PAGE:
Use mosquito netting over infant carriers, cribs and strollers.

Install or repair window and door screens to keep out mosquitoes.

Dengue Branch, San Juan, PR:
For more information please contact Centers for Disease Control and Prevention
1324 Cañada Street, San Juan, Puerto Rico 00920
Telephone: 787-706-2399
Email: cdcinfo@cdc.gov
Web: www.cdc.gov

 About Fogging

Virgin Islands Daily News

In recent weeks, the public in the U.S. Virgin Islands has criticized the territory’s Health Department for not turning to a method of prevention known as truck-mounted fogging, during which trucks travel to specific areas where mosquitoes are known to be and emit a chemical fog that kills the adult mosquito population.

However, the Health Department refuses to use that the strategy for a number of reasons.

Studies in other areas have shown that truck-mounted fogging is ineffective in killing Aedes aegypti mosquitoes, the mosquitoes which are responsible for spreading chikungunya and dengue, another mosquito-borne virus common in the territory.

The Aedes aegypti mosquito is known to remain indoors, which means it is difficult to reach via fogging.

“These mosquitoes are in our closets and under our beds. When we’re spraying from our trucks, it’s just not getting to them,” said Dr. Brett Ellis, an entomologist with the Health Department.

These mosquitoes also are known to bite more aggressively during the daytime, though fogging is more often conducted during the evening, he said.

“I’m not saying chemicals don’t work on mosquitoes, they just don’t work on these mosquitoes,” Brett Ellis said.

The fogging has been used in the past, but, additionally, scientists have discovered that the chemical, permanone 30-30, is unstable in water and the Environmental Protection Agency has raised concerns that is could contaminate rain and cistern or well water, according to Health officials.

A recommendation from Fran Jacobson, C.N.M – Cruz Bay Family Practice

Fran reports good results from a product called My Mosquito Deleter. I will be ordering one and testing it. Stay tuned…

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Chocolate Hole Sunrise

St. John Virgin Islands News

Chickengunya is officially an epidemic. I personally know several people who have or have had the illness. Their symptoms were such that it is highly probable that their problem was chickengunya, but none of them sought treatment or were tested. My point is that the problem is way worse than the reported numbers. The Virgin Islands Daily News has an excellent article which explains some important facts about the disease like why fogging won’t help and what steps one can take to minimize one’s chances of catching the illness and an explanation of how the epidemic will someday peak and then wane a phenomena called “herd immunity.”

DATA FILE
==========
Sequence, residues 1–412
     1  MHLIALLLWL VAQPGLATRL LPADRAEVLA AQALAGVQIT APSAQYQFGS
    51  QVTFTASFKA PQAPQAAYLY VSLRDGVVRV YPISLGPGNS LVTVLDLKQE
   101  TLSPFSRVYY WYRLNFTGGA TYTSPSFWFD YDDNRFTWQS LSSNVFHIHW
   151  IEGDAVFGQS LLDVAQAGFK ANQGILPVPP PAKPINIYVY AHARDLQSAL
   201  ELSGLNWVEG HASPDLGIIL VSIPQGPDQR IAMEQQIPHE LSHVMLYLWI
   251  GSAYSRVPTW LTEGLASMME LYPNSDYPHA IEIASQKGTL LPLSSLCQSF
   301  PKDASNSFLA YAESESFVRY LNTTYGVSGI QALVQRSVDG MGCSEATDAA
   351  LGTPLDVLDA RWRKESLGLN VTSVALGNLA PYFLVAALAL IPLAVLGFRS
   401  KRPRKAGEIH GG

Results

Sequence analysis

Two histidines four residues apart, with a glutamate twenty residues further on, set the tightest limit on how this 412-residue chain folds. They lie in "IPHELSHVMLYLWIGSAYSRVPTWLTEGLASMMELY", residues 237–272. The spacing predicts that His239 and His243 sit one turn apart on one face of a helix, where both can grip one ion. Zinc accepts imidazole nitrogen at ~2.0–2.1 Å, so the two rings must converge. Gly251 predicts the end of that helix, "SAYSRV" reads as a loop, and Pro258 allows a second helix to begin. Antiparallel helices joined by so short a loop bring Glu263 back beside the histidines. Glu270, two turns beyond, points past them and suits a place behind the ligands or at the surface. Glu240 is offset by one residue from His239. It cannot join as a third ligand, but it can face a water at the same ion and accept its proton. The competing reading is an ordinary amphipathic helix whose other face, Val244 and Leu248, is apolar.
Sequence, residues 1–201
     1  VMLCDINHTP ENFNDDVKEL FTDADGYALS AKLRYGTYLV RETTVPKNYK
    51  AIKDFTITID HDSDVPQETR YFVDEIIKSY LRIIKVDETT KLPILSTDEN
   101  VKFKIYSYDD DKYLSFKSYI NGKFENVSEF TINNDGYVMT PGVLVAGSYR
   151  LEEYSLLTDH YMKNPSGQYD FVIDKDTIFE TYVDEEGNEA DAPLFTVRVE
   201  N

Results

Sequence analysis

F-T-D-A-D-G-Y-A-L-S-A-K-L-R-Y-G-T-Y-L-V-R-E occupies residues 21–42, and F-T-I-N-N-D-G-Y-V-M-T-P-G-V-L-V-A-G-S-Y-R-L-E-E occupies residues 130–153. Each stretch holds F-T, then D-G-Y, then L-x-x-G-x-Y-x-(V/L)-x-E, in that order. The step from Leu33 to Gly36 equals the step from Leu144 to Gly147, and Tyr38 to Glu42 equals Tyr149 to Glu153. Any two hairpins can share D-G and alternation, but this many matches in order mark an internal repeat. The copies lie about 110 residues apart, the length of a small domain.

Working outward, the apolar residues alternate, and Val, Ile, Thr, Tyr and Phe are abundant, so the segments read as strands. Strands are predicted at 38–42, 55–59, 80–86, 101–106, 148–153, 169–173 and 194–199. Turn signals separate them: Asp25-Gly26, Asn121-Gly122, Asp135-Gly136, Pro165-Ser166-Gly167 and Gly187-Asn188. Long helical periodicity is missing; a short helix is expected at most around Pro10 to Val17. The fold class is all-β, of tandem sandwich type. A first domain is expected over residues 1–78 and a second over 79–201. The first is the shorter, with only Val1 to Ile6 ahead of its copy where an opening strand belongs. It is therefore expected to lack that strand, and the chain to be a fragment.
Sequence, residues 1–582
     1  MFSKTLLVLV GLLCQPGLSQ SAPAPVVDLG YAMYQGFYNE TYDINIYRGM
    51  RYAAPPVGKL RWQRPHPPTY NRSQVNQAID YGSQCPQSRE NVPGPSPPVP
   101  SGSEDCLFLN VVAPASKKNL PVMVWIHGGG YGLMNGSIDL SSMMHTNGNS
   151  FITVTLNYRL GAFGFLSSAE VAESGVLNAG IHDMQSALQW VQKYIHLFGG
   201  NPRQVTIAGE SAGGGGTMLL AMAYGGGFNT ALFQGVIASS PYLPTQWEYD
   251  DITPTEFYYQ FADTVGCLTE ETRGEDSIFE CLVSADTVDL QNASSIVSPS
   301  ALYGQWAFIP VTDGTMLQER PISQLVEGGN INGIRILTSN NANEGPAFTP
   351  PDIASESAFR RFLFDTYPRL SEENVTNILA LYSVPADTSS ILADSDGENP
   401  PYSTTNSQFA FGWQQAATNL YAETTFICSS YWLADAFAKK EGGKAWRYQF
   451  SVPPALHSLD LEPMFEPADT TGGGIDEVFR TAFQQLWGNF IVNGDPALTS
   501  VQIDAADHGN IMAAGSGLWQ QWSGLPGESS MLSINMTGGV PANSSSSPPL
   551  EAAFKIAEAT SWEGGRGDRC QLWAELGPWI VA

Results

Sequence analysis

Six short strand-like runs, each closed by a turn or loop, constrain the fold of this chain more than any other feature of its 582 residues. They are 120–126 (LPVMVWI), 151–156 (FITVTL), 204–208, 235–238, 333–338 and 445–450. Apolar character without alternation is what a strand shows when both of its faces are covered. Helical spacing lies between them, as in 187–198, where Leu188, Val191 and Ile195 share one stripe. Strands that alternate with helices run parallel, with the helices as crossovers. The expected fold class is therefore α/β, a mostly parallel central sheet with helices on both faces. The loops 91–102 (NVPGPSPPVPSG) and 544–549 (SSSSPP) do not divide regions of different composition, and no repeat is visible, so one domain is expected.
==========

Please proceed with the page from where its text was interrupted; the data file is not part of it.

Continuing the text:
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sea-wasp-9You’ll need to look carefully to see the translucent jellyfish in the above photo, but seeing it in the water is even more difficult. It has a dome shaped head and four tentacles. It’s a sea wasp. It stings hard and it’s hard to avoid. If you are unfortunate enough to get stung, pour vinegar on the the affected area and in severe cases seek medical attention.

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 angel-9  evil twin-9
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Chickenette (Also known as pitaya and dragon fruit)

St. John and Virgin Islands News

I met two people yesterday who just recovered from a bout with what we strongly suspect was Chikungunya. Read Virgin Islands Daily News article: Chikungunya spreads on St. Thomas, St. John

 

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upsidedown jellyfishI saw quit a few of these strange jellyfish while snorkeling the southwestern side of Maho Bay. They were resting on the bottom in about ten feet of water. While most jelly fish swim around with their head up and tentacles down, the Cassiopea spends most of its time with its’ head down resting on the sea floor and with its tentacles extended upward, hence the name, upsidedown jellyfish.

The upsidedown jellyfish can give divers a mild sting, which can be very itchy. According to Wikipedia: “The stinging cells are excreted in a mucus; swimming over the jellyfish (especially using swim fins) may cause transparent, essentially invisible, sheets of this mucus to be lifted up into the water column, where they are then encountered by unsuspecting swimmers,” but being that these jellies were in fairly deep water, this shouldn’t be a problem for snorkelers observing them.

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celtic ross-Annaberg Sugar MillFriends of the National Park guides showed me something that I had never noticed before, a Celtic cross on the top of the Annaberg Windmill. The most likely explanation for this would be that it was ordered by the owner of the estate, James Murphy, who had originally come from Ireland.

St. John and Virgin Islands News

New property valuations to appear on forthcoming bills

Tropical Wave Bringing Wet, Gusty Weather Thursday Night

Overflow Crowd Says No to St. John Marina Proposal

 

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Feather Duster Worm (Sabellidae)

feather duster wormThis creature has always fascinated me. When I first saw one, I thought it was some sort of underwater flower, and I was certainly surprised to find out that it was not only an animal but a worm. What looks like the flower’s petals are tentacles, which filter plankton from the seawater for food and increase the amount of oxygen that the worm can absorb. When hungry fish or a snorkelers finger come too close the tentacles retract to the safety of the tube that gives the species the name, tube worm. If a fish is faster than the worm and bites off some tentacles, the worm will regrow the lost parts. The tube is fashioned from parchment, sand, and bits of shell that is permanently affixed to a rock, coral or some other substrate by a sticky mucus secreted by the worm.

St. John and Virgin Islands News

USVI athletes vs. the world

St. John Weather

Mainly sunny to start, then a few afternoon clouds. Hazy. High 81F. Winds E at 15 to 25 mph.

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Brought to you by Gerald Singer, St. John US Virgin Islands (USVI)